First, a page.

IRVING (AP) — Buoyed by higher oil prices, Exxon Mobil reported Friday that third-quarter profit jumped 50 percent from a year ago to nearly $4 billion.

The oil giant also sharply increased spending on exploration, reversing a trend from the first half of the year. Lower capital spending had raised concern about future production of oil and gas, since projects in the energy business can take years before there is meaningful production.

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Exxon’s profit was dinged by Hurricane Harvey, which briefly shut down refineries along the Texas Gulf Coast, but the results still beat forecasts from Wall Street analysts.

“A 50 percent increase in earnings through solid business performance and higher commodity prices is a step forward in our plan to grow profitability,” said Darren Woods, who became chairman and CEO around the start of the year.

Woods said that for a fourth straight quarter the company generated enough cash from operations and selling assets to cover dividends and investment in the business.

Exxon, the biggest U.S. oil company, earned $3.97 billion, compared with $2.65 billion a year earlier.

Income was 93 cents per share, despite a hit of four cents per share from the hurricane in late August.

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Exxon does not adjust reported results based on one-time events such as storm-related shutdowns or asset sales. Even with the setback from Harvey, the results still beat the average estimate of 89 cents per share from 10 analysts surveyed by Zacks Investment Research.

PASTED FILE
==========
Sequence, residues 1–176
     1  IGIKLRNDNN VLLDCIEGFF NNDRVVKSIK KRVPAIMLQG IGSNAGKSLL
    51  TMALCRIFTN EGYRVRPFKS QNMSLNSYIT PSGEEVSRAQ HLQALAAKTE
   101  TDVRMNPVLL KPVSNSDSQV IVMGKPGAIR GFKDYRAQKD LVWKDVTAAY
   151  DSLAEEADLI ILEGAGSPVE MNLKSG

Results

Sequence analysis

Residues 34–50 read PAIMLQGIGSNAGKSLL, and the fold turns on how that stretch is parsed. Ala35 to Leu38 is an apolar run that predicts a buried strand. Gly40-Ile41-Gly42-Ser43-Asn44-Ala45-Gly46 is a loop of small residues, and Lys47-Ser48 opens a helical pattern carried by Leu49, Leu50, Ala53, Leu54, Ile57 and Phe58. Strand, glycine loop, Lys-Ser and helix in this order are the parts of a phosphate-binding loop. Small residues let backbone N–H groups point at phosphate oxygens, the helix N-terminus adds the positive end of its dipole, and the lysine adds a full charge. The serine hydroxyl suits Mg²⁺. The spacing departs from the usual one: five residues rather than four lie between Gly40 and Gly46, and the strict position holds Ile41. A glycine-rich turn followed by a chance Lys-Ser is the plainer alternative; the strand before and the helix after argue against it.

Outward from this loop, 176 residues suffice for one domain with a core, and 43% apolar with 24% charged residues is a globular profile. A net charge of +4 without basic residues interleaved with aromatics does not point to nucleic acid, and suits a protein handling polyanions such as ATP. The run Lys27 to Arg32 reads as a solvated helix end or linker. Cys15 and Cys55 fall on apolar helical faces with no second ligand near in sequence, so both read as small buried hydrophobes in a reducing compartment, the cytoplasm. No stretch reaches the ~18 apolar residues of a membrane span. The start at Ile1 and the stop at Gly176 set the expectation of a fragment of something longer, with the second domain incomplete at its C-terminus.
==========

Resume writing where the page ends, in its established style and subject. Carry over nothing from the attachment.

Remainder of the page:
Revenue rose 13 percent to $66.17 billion. The average forecast of four analysts surveyed by Zacks was $63.51 billion.

Capital spending, which had fallen when oil prices were at their nadir, soared 43 percent from a year earlier to nearly $6 billion.

The Irving-based company also said it spent more on income taxes — $1.5 billion compared with $337 million in the same quarter of 2016.

In trading about an hour before the opening bell Friday, Exxon shares rose 47 cents to $83.92. Through Thursday’s session they had fallen 7.5 percent this year while the Standard & Poor’s 500 index rose 14 percent. The stock has decreased 4 percent in the last 12 months.

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